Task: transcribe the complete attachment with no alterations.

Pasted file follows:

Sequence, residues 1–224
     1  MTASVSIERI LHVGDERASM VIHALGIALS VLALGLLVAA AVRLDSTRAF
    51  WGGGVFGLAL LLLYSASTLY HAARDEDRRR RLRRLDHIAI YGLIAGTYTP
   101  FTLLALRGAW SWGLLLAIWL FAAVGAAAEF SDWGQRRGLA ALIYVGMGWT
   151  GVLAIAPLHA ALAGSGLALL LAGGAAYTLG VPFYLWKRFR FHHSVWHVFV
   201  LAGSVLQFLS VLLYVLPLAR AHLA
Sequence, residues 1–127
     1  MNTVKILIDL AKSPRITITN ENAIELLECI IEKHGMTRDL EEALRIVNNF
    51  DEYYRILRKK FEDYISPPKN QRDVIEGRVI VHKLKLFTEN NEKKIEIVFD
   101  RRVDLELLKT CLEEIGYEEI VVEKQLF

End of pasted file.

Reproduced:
Sequence, residues 1–224
     1  MTASVSIERI LHVGDERASM VIHALGIALS VLALGLLVAA AVRLDSTRAF
    51  WGGGVFGLAL LLLYSASTLY HAARDEDRRR RLRRLDHIAI YGLIAGTYTP
   101  FTLLALRGAW SWGLLLAIWL FAAVGAAAEF SDWGQRRGLA ALIYVGMGWT
   151  GVLAIAPLHA ALAGSGLALL LAGGAAYTLG VPFYLWKRFR FHHSVWHVFV
   201  LAGSVLQFLS VLLYVLPLAR AHLA
Sequence, residues 1–127
     1  MNTVKILIDL AKSPRITITN ENAIELLECI IEKHGMTRDL EEALRIVNNF
    51  DEYYRILRKK FEDYISPPKN QRDVIEGRVI VHKLKLFTEN NEKKIEIVFD
   101  RRVDLELLKT CLEEIGYEEI VVEKQLF